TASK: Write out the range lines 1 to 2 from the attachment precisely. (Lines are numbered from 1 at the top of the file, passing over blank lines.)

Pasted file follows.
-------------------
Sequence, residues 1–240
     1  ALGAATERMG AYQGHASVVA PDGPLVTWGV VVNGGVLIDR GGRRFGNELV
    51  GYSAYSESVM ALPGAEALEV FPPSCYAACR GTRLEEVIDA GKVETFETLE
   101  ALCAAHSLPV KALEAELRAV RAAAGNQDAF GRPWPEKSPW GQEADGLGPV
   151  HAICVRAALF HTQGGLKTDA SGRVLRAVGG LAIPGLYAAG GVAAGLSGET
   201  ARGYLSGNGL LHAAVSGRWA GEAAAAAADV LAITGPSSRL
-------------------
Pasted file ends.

Sequence, residues 1–240
     1  ALGAATERMG AYQGHASVVA PDGPLVTWGV VVNGGVLIDR GGRRFGNELV